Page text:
|Matthew Henry's Concise Commentary|
15:18-20 So little notice did the men of Judah take of their deliverer, that he was ready to perish for want of a draught of water. Thus are the greatest slights often put upon those who do the greatest services. Samson prayed to God in this distress. Those that forget to attend God their praises, may be compelled to attend him with their prayers. Past experiences of God's power and goodness, are excellent pleas in prayer for further mercy. He pleads his being exposed to God's enemies; our best pleas are taken from God's glory. The Lord sent him seasonable relief. The place of this action was, from the jaw-bone, called Lehi. And in the place thus called, God caused a fountain suddenly and seasonably to open, close by Samson. We should be more thankful for the mercy of water, did we consider how ill we can spare it. Israel submitted to him whom they had betrayed. God was with him; henceforward they were directed by him as their judge.
Verse 20. - And he judged Israel, etc. See ch. 16:81. It looks as if it had been the intention to close the history of Samson with these Words, but that ch. 16. was subsequently added, possibly from other sources. Compare the close of chs. 20. and 21. of the Gospel of St. John. A possible explanation, however, of this verse being placed here is that it results from the statement in ver. 19, that Samson's spirit came again, and he revived, or came to life again, after being on the very point of death; and, adds the writer, he judged Israel after this for twenty years.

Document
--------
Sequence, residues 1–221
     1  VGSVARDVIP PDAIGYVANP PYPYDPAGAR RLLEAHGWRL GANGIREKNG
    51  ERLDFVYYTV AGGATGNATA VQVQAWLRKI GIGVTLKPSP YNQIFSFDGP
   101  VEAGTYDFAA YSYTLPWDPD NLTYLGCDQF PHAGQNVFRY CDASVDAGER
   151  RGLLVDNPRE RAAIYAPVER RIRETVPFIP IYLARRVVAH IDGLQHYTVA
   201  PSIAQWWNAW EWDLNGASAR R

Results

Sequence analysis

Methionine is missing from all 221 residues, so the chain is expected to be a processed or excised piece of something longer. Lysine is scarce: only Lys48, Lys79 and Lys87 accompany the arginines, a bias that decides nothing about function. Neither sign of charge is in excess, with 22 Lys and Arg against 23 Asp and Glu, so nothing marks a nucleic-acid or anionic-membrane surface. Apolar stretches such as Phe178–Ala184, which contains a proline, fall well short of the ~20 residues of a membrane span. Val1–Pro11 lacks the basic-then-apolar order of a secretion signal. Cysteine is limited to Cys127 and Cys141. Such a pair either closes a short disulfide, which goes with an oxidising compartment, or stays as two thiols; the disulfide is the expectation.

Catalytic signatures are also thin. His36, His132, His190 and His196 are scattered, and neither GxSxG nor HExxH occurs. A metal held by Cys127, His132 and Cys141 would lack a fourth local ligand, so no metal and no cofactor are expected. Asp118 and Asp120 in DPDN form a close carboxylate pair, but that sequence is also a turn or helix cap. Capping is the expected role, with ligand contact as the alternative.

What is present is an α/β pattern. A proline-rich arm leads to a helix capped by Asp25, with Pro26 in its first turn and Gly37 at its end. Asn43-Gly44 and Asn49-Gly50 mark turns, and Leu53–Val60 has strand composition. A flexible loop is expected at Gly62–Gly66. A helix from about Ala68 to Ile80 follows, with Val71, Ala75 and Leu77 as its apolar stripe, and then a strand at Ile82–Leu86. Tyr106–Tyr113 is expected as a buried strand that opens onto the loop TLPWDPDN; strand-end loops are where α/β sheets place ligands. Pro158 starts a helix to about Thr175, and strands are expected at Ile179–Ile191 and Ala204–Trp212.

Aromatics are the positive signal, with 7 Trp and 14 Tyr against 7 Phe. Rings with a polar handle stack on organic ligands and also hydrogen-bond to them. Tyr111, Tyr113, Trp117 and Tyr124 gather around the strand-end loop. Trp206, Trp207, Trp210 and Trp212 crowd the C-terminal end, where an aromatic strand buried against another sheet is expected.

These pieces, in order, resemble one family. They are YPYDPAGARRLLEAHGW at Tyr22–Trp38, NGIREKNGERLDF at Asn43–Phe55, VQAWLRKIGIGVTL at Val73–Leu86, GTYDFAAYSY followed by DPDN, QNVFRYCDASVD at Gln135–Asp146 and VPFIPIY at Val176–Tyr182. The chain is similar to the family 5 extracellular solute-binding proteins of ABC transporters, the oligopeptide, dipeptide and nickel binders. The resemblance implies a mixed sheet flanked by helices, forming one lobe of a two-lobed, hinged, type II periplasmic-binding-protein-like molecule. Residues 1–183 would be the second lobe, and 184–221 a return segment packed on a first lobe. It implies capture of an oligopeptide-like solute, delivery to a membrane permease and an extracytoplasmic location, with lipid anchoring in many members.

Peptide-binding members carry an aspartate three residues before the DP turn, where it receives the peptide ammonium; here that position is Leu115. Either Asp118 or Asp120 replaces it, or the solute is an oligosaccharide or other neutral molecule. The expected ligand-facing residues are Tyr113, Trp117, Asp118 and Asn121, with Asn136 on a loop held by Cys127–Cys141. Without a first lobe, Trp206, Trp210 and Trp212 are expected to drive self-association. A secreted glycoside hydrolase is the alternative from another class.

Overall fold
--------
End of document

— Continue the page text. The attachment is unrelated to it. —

Gill's Exposition of the Entire Bible
And he judged Israel in the days of the Philistines twenty years. While they had the power over the Israelites, who were not entirely delivered out of their hands by Samson, he only began to deliver them, but did not completely do it; though he got many advantages over them, and wrought many salvations and deliverances, yet was not the author of perfect salvation, see Judges 13:5 however, he was a check upon the Philistines, and protected the Israelites from heavier oppressions, which otherwise they would have come under; and no doubt administered justice and judgment among them, and was an instrument of their reformation, and of preserving them from idolatry; for in such things the work of a judge chiefly lay: some from hence observe, that this shows the years of servitude and bondage are included in the years of the judges.
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